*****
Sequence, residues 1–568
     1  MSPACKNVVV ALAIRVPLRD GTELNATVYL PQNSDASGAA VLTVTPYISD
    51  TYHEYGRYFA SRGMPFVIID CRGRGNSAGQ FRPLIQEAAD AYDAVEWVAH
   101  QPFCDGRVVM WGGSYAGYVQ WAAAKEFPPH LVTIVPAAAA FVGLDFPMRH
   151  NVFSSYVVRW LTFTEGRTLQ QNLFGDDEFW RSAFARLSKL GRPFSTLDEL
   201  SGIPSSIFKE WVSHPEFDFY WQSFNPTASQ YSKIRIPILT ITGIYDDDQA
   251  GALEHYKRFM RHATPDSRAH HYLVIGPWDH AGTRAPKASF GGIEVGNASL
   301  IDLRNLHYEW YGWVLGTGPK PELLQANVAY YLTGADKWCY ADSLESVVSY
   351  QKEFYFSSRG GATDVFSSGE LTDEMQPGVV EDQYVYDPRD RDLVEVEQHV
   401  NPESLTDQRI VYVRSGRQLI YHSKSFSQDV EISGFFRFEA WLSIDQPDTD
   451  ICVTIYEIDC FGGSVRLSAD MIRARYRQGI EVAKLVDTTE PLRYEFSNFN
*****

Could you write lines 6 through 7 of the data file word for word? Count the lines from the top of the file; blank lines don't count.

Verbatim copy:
   201  SGIPSSIFKE WVSHPEFDFY WQSFNPTASQ YSKIRIPILT ITGIYDDDQA
   251  GALEHYKRFM RHATPDSRAH HYLVIGPWDH AGTRAPKASF GGIEVGNASL